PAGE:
Local Govt | National News Video | Parliament Headlines | Politics Headlines | Search


Safety improvements set for Oteha Valley Road

11 October 2019

A new pedestrian crossing with traffic lights is set for Oteha Valley Road, near Mitre 10 MEGA Albany, as part of several plans to improve road safety in the area.

Auckland Transport (AT) is proposing the new signalised crossing, after calls from the community for a safer crossing point. The project is funded in part by the Auckland Regional Fuel Tax.

Randhir Karma, AT’s Group Manager Network Management, says the project follows a petition received by AT in 2018 to improve road safety for pedestrians.

“This new crossing will offer much needed protection for our most vulnerable roads users and will make it easier and safer to cross this busy road, improving access to the Albany bus station.”

Along with the proposed new crossing, other safety improvements in the area will include:

A new cycle ramp and green cycle box markings - linking to the existing on-road cycle lanes between Cornerstone Drive and Munroe Lane.
New bus stop markings and broken yellow line parking restrictions - making it safer for buses to enter and exit the stops;

This project follows on from other safety work recently completed up the road – at the Harrowglen Drive intersection. Mr Karma says the $400,000 new traffic lights at the Oteha Valley Road/ Harrowglen Drive intersection was completed in September this year.

“It is great to see the new traffic lights at the Harrowglen Drive intersection now fully up and running. It will make it easier for drivers to get out of their subdivision safely, improves safety for people on bikes and offers better access to bus stops on either side of the road.”

Consultation is open until Friday 25 October 2019. For more information and to have your say, visit: https://at.govt.nz/about-us/have-your-say/


© Scoop Media

Parliament Headlines | Politics Headlines | Regional Headlines

Campbell on: the local body election result in Wellington

For obvious reasons, politics is more of a big deal in the capital city than anywhere else in the country. Even so, fewer than four in ten eligible voters bothered to vote in Saturday’s local body elections in Wellington (turnout 39.66%).

Even less was felt to be at stake this time around than in 2016, when 45% of the electorate voted Justin Lester into the mayoralty.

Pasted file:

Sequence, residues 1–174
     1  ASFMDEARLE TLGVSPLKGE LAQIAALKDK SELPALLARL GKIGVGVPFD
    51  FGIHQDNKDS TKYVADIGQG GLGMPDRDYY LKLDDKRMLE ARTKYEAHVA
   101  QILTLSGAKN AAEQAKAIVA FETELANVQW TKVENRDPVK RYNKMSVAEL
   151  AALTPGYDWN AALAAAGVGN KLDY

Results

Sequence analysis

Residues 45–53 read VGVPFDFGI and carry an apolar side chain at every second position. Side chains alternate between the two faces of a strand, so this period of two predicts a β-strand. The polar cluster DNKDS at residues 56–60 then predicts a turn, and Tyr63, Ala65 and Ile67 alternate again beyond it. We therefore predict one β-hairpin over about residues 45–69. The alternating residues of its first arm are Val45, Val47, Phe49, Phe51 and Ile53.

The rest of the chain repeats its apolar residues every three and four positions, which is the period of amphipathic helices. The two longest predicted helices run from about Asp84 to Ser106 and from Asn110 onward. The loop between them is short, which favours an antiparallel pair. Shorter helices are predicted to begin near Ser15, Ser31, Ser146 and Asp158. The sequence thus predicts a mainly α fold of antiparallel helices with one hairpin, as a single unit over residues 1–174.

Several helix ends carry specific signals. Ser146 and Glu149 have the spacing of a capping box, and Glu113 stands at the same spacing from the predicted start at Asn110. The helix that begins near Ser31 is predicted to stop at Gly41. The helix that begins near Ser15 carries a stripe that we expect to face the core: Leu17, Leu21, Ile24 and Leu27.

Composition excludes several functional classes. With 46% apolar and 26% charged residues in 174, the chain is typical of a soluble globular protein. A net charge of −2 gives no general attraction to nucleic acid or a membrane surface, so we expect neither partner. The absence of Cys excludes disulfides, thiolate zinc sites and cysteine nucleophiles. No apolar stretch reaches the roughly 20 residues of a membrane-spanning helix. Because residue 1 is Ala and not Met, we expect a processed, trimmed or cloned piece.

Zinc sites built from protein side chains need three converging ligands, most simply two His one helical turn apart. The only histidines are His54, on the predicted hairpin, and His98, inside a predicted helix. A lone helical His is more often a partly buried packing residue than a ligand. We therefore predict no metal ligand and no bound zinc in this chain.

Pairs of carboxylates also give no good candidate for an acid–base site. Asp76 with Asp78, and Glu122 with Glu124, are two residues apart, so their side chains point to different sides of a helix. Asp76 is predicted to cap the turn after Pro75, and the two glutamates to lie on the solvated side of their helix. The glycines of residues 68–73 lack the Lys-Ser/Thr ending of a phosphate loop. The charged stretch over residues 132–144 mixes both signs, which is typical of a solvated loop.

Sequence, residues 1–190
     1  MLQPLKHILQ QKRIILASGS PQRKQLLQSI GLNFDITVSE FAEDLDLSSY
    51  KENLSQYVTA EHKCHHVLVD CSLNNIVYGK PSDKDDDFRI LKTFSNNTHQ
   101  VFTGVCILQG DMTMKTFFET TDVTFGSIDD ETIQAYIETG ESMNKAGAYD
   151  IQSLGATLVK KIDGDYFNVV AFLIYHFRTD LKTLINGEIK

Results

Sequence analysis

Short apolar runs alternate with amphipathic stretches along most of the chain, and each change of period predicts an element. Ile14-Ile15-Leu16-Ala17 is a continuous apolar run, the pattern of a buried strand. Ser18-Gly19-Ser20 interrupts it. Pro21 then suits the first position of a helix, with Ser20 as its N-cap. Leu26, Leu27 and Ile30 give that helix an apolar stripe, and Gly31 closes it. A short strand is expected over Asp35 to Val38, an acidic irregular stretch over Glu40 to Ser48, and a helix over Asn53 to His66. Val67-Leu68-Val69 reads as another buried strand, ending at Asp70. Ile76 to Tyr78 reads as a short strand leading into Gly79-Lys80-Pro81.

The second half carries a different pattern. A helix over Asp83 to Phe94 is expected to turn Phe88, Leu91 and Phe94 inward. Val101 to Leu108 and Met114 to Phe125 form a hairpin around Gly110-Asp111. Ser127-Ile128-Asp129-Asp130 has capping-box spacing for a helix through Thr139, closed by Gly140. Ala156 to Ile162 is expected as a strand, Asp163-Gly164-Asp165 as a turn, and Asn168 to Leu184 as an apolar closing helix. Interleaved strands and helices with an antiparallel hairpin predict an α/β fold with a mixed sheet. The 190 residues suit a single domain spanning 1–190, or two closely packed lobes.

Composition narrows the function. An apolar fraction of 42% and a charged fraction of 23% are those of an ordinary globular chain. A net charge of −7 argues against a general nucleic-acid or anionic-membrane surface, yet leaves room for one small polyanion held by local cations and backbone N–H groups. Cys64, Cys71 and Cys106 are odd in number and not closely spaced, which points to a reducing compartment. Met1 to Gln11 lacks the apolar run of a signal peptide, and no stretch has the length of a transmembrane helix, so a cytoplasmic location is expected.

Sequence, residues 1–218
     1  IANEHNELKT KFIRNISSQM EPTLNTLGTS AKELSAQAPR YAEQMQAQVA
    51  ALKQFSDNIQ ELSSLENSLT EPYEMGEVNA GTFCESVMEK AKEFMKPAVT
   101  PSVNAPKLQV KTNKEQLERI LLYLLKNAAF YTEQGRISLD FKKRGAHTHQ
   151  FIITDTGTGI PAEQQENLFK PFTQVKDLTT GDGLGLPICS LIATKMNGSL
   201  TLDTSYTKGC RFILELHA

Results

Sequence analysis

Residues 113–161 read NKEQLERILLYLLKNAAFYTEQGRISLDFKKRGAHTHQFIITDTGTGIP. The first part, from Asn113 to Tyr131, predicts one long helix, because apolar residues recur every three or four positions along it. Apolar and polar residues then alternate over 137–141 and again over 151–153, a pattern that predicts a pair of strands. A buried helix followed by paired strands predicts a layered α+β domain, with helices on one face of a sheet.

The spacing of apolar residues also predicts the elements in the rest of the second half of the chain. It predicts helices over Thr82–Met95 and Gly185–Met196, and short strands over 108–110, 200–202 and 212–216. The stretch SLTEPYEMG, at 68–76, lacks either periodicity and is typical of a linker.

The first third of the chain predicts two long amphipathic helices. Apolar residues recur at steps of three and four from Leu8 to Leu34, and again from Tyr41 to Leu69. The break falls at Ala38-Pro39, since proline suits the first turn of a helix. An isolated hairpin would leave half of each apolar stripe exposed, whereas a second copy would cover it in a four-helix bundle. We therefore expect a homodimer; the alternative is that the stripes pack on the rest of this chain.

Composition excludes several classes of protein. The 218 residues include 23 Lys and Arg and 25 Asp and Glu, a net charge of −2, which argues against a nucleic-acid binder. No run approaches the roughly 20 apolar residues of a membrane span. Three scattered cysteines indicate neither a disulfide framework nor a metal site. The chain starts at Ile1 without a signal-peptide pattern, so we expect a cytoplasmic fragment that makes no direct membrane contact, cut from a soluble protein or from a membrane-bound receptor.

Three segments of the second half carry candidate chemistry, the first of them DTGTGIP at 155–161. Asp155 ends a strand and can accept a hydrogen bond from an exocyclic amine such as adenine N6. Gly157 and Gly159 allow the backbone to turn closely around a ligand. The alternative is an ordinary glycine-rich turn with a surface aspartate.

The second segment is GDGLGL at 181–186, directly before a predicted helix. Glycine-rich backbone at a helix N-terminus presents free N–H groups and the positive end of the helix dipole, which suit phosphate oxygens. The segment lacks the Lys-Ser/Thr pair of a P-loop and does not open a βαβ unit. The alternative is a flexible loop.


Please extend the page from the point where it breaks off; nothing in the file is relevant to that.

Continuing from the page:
To put it mildly, the Lester-led Council failed to live up to expectations. Lester will be remembered mainly for the fact that somehow, he managed to lose this election. . More>>


Could Do Better: Post-Sroubek Review Of Deportation Info

Ms Tremain acknowledges that the review highlighted some aspects of the process that can be improved and makes five main recommendations to strengthen the existing processes for preparing files for decision-makers. Those recommendations are: More>>


Gordon Campbell: On A New Book On The Leaky Homes Scandal

We all know that journalism is short of cash and under pressure from the speed, brevity and clickbait pressures of the 24/7 news cycle… but hey, given the right subject and a sufficiently stubborn journalist, it can still surpass most of the works of the academic historians... More>>

Regulation: Review Finds NZTA Road Safety Failings

The independent review, carried out by consultant agency MartinJenkins, lists at least 10 reasons for the failures including the agency being focused on customer service at the expense of its policing functions. More>>


Rod Carr: Climate Change Commission Chair-Designate Announced

Climate Change Minister James Shaw has today announced the appointment of Dr Rod Carr as Chair-designate for the Climate Change Commission. More>>


Compliance Complaints: 'Putting Right' Holidays Act Underpayment In Health

The Government is putting right a decade’s worth of underpayment to nurses, doctors and other health workers, says Health Minister Dr David Clark. More>>


IPCA: Disasterous Police Pursuit, Excessive Use Of Dogs

At no stage did Police follow the correct procedure for the commencement of a pursuit... A Police dog handler used his dog to help with the arrest of two of the young people. One suffered injuries resulting in his hospitalisation, and the Authority found that the use of the dog was an excessive use of force. More>>


‘Hard Place To Be Happy’: Report On Youth Residential Care

Children’s Commissioner Andrew Becroft says the report, A Hard Place to be Happy, contains important challenges from children and young people, aged 9 to 17, about their experiences in care and protection residences. “I found this report extremely difficult to read, and I think most New Zealanders would too.” More>>

Africa And Middle East Refugees: 'Family Link' Restriction Removed

The founder of the Double the Quota campaign has applauded the coalition government for Friday’s announcement that a discriminatory policy would be removed. More>>





InfoPages News Channels